Bangkok Post 26 September 2020

People should help collect evidence as part of the attempt to bring big polluters in industries to justice, a forum was told.

Penchom Saetang, the director of Ecological Alert and Recovery Thailand (Earth), addressed three patterns of exploitation by developed countries: investing in toxic industries elsewhere, including Thailand, concealing data on pollution, and exporting waste to developing countries.

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Improper processing of electronic waste leads to damage to human health, the environment and the Earth's ozone layer

Press release 16 September 2020

BANGKOK/PRAGUE – Thailand is still one of the destination countries for e-waste from all around the world. To what extent this is the case, that is one of the questions that the joint project of the Thai non-governmental organization EARTH and the Czech civic association Arnika is trying to answer.

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Plastic waste still an issue

Bangkok Post 12 September 2020 | Editorial

When it comes to policy on waste management and recycling, the Prayut Chan-o-cha administration is generally deemed to be progressive. The Natural Resources and Environment Ministry in 2018 made a landmark decision to slap a ban on the importation of plastics and electronic waste which is to take effect on Jan 1 next year. Previously, the ministry jump-started a voluntary campaign to ban single-use plastic bags in department stores and retailers nationwide. Within one month of the restriction beginning, over 3.7 billion less one-time use plastic bag were used nationally.

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PCD chief says plastic import ban could be delayed

Bangkok Post 12 September 2020 | Apinya Wipatayotin

The Pollution Control Department (PCD) has hinted it could postpone the ban on the import of plastic waste for recycling, with its chief saying the domestic supply of plastic waste is not enough to feed the kingdom's industrial needs.

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65 Organizations Calling for Banning the Imports of Plastic Wastes

10 September 2020 | EARTH Team at the Ministry of Natural Resources and Environment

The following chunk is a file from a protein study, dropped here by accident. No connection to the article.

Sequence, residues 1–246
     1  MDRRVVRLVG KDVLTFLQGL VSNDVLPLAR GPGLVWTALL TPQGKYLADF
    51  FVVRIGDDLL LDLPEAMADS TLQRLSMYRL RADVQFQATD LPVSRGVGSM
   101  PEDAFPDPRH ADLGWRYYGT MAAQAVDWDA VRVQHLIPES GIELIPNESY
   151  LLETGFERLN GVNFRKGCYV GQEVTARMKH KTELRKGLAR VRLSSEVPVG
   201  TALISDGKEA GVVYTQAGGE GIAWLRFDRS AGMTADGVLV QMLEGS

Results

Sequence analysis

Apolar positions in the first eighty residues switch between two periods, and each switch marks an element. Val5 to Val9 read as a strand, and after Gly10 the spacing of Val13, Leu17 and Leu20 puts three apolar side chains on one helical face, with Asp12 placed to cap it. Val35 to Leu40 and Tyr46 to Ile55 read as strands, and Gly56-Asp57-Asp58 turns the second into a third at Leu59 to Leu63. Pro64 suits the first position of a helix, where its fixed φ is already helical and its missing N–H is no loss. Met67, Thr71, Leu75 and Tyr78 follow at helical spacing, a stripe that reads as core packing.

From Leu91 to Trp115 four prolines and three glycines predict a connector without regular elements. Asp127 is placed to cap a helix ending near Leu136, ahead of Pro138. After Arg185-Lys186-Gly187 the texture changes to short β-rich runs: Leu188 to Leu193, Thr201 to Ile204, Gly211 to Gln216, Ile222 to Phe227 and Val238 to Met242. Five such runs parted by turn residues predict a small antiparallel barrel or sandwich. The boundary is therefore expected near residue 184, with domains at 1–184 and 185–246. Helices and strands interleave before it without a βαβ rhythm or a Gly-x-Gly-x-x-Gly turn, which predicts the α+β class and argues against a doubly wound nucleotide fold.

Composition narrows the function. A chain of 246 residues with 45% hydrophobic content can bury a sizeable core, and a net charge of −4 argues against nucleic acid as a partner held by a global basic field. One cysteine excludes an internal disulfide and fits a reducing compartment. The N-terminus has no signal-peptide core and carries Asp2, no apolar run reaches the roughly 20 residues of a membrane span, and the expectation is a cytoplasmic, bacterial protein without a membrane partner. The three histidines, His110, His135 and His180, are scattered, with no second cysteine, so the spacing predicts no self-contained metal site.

The statement and recommendations endorsed by 65 organizations, including academics, and individuals, has been submitted to the Ministry of Natural Resources and Environment this morning.

Groups of representatives who are affected by the waste disposal industry have also gathered and presented their concerns outside the Ministry, calling for banning the imports of plastic wastes and proposing 8 key demands to the government.

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Former PCD chief and two officials to pay 10.5 billion baht in infamous Klong Dan case

Thai PBS 05 September 2020

Thailand’s Central Administrative Court has ordered former Director-General of the Pollution Control Department, Pakit Kiravanich, and two former senior officials of the same department, to pay the department about 10.5 billion baht in compensation for damage caused to the state over the controversial Klong Dan water treatment project in Samut Prakan province.

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Forum on “Exploring Ideas Towards the Cooperation on the Sustainable Management of Toxic Waste in the Eastern Region"

Sunday 30 August 2020 | 9.00 am to 1.30 pm at Ratcharoen Satthatham Temple, Grok Somboon Subdistrict, Si Mahapho District, Prachinburi Province

EnLaw Foundation in collaboration with the Ecological Alert and Recovery Thailand (EARTH) and the People’s Networks and Partnership on Monitoring the Waste Problems, have co-organized a forum on "Exploring Ideas Towards the Cooperation on the Sustainable Management of Toxic Waste in the Eastern Region” for discussing on the waste pollution problems in Thailand’s eastern region, and brainstorming ideas and solutions to prevent Thailand for becoming ‘the garbage bin of the world’. The recommendations will be submitted to the government.

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Criminal recycling scams 'profit from plastic waste surge'

CTV News 27 August 2020 | Kelly Macnamara

LONDON, UNITED KINGDOM -- Criminal networks are profiting from an "overwhelming" surge in plastic waste being shipped from rich countries to Asia and stoking pollution by burning and dumping waste that was supposed to be recycled, a report by Interpol said Thursday.